I was more broke than I’d ever been that spring, the spring I met you. I’d spent the last of my modeling savings and had been making minimum wage for almost a year—spending three days a week at work and another three in class. The shoes I slipped off when we entered your suite were ones I borrowed from a roommate because mine were embarrassingly worn—suitable for shifts in a kitchen but not a date with a celebrity. You asked why I’d quit modeling and I said, “Why does anyone stop doing anything? They don’t want to do it anymore.” The money people associate with modeling is supposed to facilitate other accomplishments, but staying thin and looking pretty—commodifying myself—had been so consumptive that I’d become incapable of doing anything else, being anything other than a model. You offered me cab money when I left your room. I didn’t take it.
I never saw you again, but in a way I did—I don’t always wear my glasses, and I’d go out to dinner or walk through the city and mistake tall, middle-aged men for you. Maybe I did see you, maybe I didn’t. The point is, I couldn’t tell you from any other stranger. You called me stranger when you texted me: Hey stranger. Your messages were full of ellipses and spaces between words, everywhere they needn’t be. You kissed this way too: kiss … pause … kiss … pause.
Writing about your texts—is that an invasion of privacy? I wonder, though it hardly matters. This is already a story where I do nothing right. I’m invading your privacy just by writing this, aren’t I? I’m not allowed to write about you because you’re in films, is that it? Because you have a wife? Children? Most of me is certain that your entire family is aware of your penchant for young things. The Trust Fund Princess and I cannot be singular cases.
Maybe you have an agreement with your wife about women like us—though you must think of us as girls, not women, mustn’t you? “Beautiful girl,” you said, holding my face in your hands, “Beautiful girl.” You make me think marriage mustn’t be about fidelity but security, at least in your world. But what do I know about the world you live in? All I know is that you revealed little of yourself, and though I mimicked you in this sense, it was not because I had to. There is a certain freedom that comes with not being cared about by the world, the media, the press.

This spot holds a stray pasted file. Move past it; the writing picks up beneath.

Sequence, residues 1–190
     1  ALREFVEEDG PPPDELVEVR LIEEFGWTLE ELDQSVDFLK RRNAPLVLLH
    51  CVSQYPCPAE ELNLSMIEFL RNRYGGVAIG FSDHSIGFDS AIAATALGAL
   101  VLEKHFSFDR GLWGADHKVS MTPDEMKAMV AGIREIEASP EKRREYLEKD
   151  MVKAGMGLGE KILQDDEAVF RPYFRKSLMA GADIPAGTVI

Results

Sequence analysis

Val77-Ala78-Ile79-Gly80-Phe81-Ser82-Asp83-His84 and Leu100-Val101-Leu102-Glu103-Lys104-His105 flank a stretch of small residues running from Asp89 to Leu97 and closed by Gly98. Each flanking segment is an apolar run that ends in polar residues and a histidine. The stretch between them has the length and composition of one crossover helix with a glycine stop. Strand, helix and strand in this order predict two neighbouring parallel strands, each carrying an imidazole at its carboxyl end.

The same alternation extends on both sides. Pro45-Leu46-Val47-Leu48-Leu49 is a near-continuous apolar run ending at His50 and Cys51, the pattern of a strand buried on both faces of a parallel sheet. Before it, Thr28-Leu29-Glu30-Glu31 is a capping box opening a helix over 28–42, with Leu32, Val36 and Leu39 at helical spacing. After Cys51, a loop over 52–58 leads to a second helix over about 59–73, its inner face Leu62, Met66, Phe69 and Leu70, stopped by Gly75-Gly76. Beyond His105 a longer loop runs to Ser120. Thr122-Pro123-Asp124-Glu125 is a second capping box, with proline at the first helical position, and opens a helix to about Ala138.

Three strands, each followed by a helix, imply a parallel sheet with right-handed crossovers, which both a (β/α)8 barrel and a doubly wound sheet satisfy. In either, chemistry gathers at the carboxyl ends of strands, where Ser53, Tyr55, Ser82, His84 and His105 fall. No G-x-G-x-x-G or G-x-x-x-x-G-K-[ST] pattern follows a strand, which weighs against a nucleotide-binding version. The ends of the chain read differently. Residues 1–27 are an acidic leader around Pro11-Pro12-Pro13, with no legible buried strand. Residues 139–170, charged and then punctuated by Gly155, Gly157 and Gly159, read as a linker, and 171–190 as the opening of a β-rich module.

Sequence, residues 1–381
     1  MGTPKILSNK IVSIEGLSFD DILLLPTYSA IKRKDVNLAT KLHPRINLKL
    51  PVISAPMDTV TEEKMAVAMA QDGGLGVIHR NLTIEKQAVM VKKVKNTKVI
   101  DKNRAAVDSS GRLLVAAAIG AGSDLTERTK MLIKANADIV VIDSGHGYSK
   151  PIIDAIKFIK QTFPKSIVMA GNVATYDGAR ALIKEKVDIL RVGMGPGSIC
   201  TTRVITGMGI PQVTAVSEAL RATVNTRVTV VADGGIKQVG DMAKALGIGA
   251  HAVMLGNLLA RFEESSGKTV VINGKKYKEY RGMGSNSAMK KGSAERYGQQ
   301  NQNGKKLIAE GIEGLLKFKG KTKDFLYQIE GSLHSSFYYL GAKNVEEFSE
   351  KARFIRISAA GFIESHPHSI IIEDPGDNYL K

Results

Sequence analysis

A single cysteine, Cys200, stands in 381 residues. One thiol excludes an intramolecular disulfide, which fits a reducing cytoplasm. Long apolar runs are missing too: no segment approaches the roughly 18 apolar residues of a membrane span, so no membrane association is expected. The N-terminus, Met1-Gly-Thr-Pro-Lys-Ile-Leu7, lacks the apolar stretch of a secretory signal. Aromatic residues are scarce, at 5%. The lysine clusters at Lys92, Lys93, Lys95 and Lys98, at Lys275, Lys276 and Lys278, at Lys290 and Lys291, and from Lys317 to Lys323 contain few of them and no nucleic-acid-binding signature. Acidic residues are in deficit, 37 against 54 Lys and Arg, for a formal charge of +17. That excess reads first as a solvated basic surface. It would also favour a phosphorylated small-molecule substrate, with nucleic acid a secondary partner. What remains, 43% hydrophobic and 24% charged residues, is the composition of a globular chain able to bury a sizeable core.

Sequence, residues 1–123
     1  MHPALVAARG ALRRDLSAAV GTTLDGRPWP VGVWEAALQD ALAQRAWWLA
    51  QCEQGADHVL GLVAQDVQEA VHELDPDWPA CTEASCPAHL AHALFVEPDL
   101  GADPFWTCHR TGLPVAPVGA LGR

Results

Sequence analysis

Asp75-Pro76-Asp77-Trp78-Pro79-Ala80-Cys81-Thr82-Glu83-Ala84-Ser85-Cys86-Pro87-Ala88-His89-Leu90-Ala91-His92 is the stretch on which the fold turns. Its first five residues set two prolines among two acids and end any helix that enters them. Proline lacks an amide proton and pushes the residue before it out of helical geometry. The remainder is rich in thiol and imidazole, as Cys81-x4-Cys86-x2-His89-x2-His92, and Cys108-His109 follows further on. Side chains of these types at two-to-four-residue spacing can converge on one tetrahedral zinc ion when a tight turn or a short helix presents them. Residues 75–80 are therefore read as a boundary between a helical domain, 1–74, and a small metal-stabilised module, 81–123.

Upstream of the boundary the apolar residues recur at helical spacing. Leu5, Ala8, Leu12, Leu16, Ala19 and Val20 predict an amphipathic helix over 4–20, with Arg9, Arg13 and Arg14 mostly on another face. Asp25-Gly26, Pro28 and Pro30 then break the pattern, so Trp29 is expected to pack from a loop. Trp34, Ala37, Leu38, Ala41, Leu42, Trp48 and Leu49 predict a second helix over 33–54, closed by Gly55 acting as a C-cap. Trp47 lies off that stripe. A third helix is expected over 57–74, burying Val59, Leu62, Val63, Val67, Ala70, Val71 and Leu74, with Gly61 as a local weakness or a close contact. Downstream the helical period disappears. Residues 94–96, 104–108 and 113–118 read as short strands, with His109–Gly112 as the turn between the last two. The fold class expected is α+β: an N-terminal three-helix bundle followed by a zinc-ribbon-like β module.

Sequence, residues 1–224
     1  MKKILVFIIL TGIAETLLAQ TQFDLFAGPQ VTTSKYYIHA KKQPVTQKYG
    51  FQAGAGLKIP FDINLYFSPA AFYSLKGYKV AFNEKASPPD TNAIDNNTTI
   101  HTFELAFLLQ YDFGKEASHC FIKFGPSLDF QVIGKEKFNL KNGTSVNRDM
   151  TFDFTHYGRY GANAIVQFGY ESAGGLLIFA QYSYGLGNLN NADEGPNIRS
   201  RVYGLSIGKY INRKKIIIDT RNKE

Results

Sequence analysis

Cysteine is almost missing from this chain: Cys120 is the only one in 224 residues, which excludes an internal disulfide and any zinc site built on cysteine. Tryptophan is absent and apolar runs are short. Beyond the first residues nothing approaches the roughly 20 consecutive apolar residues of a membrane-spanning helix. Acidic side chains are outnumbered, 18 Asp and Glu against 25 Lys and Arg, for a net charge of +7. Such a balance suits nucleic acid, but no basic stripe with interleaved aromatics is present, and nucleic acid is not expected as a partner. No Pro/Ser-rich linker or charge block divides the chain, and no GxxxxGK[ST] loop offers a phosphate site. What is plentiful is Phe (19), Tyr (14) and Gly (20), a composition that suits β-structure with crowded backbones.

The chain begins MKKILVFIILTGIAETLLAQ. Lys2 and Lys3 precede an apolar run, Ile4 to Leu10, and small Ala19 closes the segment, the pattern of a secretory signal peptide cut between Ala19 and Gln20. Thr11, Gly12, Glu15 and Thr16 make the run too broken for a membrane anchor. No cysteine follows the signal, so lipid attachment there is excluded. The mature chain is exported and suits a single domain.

You asked me about my days and I asked you about yours. You had to get up early to be on set—but your assistant, a nice man who carried the conversation the entire time he was with us in your hotel room, picked you up, and when you arrived on set it was to your own trailer. The makeup woman didn’t annoy you—she was someone you’d selected yourself, worked with for years—and this seemed to be what you prized most about her. When you weren’t on set, you told me you spent a lot of time learning your lines. You put away a binder full of highlighter-streaked script before we sat down on the couch, and told me you still memorize lines the way you did in theatre school.
I can’t imagine that anyone would enjoy a life such as yours unless they loved their work, I’ll give you that. I wouldn’t want to spend so much time memorizing someone else’s words, living out stories I didn’t write. But you’re a tall, handsome, middle-aged man, and I’m a pretty young girl. I guess that’s the point, isn’t it? You’ll always get the better role, the more interesting script. All I can do is be the bad not-quite mistress, and this story’s still about you.
Kyla Jamieson lives and works on the unceded traditional territories of the Musqueam, Squamish, and Tsleil-Waututh First Nations, and is an MFA candidate at the University of British Columbia. She is a member of the Three Sisters Collective, as well as the Sad Mag
Illustration by Dana Kearly